In California, the direct costs of hospital use for firearm assault injuries alone was estimated at $87.4 million in 2010.  65% of these costs were borne by taxpayers.6


  1. Mark Follman, Julia Lurie, Jaeah Lee & James West, The True Cost of Gun Violence in America (2015), available at []
  2. Id. []
  3. Philip Cook et al., The Medical Costs of Gunshot Injuries in the United States, 282 JAMA 447 (1999); Embry M. Howell et al., State Variation in Hospital Use and Cost of Firearm Assault Injury, 2010, 1, 6 (2014), available at []
  4. Mark Follman, Julia Lurie, Jaeah Lee & James West, The True Cost of Gun Violence in America (2015), available at []
  5. Id. []
  6. Embry M. Howell et al., State Variation in Hospital Use and Cost of Firearm Assault Injury, 2010, 1 (2014), available at []

Introduction to Gun Violence Statistics

Posted on Friday, April 17th, 2015

The United States experiences epidemic levels of gun violence, claiming over 30,000 lives annually, according to the U.S. Centers for Disease Control and Prevention. For every person who dies from a gunshot wound, two others are wounded. Every year, approximately 100,000 Americans are victims of gun violence. In addition to those who are killed or injured, there are countless others whose lives are forever changed by the deaths of and injuries to their loved ones.

Gun violence touches every segment of our society. It increases the probability of deaths in incidents of domestic violence, raises the likelihood of fatalities by those who intend to injure others and among those who attempt suicide, places children and young people at special risk, and disproportionately affects communities of color.

Mass shooting tragedies like the school shootings at Virginia Tech in April 2007 and Northern Illinois University in February 2008 – or the 1993 office shooting in San Francisco that led to the formation of the Law Center to Prevent Gun Violence – receive significant media attention. However, gun deaths and injuries in the U.S. usually occur quietly, without national press coverage, every day.

2014 Annual Gun Law State Scorecard

Posted on Friday, December 12th, 2014

As the second anniversary of the tragedy at Sandy Hook Elementary approaches, the Law Center is proud to release our 2014 Gun Law State Scorecard, grading each state on its gun laws and analyzing trends in gun legislation nationwide.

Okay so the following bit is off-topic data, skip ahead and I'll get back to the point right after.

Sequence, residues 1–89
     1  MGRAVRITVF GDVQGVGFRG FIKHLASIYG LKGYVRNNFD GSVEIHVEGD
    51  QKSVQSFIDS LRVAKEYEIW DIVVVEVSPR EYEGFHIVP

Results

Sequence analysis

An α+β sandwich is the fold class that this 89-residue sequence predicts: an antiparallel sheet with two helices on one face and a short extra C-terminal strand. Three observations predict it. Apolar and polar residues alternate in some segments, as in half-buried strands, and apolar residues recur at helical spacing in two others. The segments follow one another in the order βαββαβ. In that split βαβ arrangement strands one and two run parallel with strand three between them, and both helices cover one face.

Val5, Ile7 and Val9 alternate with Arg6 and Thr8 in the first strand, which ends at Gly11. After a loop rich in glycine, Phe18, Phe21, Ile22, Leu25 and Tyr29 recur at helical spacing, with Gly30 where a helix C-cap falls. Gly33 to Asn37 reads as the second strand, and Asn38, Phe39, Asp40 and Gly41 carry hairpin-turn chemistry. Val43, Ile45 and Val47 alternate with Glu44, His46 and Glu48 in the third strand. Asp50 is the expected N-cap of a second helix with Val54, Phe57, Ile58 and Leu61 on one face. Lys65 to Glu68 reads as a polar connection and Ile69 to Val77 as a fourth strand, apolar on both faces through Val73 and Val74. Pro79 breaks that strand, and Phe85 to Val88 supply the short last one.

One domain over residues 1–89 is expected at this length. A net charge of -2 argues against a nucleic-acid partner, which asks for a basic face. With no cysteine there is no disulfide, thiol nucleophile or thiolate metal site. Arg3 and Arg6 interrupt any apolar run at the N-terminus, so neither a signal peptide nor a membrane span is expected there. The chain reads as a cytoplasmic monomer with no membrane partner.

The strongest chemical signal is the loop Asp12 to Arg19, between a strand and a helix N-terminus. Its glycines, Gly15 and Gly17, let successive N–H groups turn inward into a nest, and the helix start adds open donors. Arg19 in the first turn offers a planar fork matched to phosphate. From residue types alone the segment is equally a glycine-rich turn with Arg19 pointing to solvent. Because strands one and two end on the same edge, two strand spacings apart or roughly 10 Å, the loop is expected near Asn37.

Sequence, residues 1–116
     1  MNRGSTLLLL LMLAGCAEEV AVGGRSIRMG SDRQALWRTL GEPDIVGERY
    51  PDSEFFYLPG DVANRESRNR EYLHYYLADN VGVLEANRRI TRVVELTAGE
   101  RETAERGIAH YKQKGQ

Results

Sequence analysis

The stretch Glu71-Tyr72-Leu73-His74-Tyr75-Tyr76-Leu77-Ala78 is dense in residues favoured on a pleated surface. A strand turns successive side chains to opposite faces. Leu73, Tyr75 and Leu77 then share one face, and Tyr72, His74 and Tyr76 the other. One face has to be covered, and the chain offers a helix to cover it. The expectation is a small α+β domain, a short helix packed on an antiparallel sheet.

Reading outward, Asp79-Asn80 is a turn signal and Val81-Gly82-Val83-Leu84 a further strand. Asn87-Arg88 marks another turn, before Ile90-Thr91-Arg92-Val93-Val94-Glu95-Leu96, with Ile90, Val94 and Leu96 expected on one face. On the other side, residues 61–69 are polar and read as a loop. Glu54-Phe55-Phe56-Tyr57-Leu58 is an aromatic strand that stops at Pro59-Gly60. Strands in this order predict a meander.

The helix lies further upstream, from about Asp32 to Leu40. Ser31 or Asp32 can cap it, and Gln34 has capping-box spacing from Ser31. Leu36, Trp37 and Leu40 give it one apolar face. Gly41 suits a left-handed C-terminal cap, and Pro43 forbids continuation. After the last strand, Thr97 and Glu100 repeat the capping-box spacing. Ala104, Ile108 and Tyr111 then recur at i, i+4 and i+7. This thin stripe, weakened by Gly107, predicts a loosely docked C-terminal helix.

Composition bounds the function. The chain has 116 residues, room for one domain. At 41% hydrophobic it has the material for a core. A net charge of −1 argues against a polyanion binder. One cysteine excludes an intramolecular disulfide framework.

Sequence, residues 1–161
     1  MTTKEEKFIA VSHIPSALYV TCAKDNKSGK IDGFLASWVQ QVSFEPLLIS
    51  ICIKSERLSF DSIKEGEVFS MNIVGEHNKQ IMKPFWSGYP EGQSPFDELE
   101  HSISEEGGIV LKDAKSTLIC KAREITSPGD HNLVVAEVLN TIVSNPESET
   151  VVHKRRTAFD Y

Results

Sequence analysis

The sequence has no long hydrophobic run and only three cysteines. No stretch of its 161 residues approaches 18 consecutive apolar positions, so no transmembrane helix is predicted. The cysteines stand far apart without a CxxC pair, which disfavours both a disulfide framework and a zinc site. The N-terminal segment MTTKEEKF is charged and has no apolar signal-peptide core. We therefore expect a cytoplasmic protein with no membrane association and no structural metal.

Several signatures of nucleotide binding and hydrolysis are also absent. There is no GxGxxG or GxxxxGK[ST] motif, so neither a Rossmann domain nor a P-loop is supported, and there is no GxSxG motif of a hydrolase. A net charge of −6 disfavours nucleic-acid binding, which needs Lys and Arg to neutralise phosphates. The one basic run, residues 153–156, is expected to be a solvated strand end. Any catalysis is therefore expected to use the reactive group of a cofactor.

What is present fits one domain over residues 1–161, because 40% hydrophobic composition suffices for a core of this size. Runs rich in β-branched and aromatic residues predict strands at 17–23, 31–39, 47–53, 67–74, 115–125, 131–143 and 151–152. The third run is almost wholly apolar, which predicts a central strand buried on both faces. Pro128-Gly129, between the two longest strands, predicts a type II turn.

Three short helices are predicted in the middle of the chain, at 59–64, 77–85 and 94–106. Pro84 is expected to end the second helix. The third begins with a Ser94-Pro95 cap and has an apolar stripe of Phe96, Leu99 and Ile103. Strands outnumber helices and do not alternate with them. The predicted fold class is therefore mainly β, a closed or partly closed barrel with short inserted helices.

In the past two years, states have seen historic and unprecedented progress in adopting gun laws to help keep communities safe from gun violence. A total of 99 new laws strengthening gun regulations have passed in 37 states nationwide since December 12, 2012, and 10 states have made major overhauls to their gun laws. 2014 was a remarkable year for smart gun laws, with California’s Gun Violence Restraining Order law, Washington State’s successful ballot initiative for universal background checks, and seven states adopting legislation to keep guns out of the hands of domestic violence abusers, and look forward to building on this positive momentum in 2015.

Find out how your state did and learn how to improve your state’s grade at

Commonsense Solutions: State Laws to Expand Background Checks for Unlicensed Gun Sales

Posted on Tuesday, December 9th, 2014

The single biggest gap in our nation’s gun laws is the lack of a background check requirement when a gun is sold by an unlicensed individual. Unlike licensed gun dealers, unlicensed “private” sellers are not required to conduct background checks on gun purchasers. This gap allows thousands of dangerous people, including convicted felons, domestic abusers, and the dangerously mentally ill, to acquire guns every year, even though they are legally ineligible to possess them.

As part of our ongoing partnership, the Law Center to Prevent Gun Violence and Americans for Responsible Solutions have created the third in our series of Commonsense Solutions toolkits. These comprehensive resources for legislators and advocates explore the many facets of America’s gun violence epidemic through distinct lenses, such as domestic violence and mental health. Commonsense Solutions: State Laws to Expand Background Checks for Unlicensed Gun Sales addresses the private sale background check gap and provides detailed, real-world solutions for state legislators to pass universal background checks and save lives.



Regulating Guns in America: 2014 Edition

Posted on Friday, October 31st, 2014

The Law Center to Prevent Gun Violence is proud to release the 2014 edition of our seminal publication, Regulating Guns in America: A Comprehensive Analysis of Gun Laws Nationwide.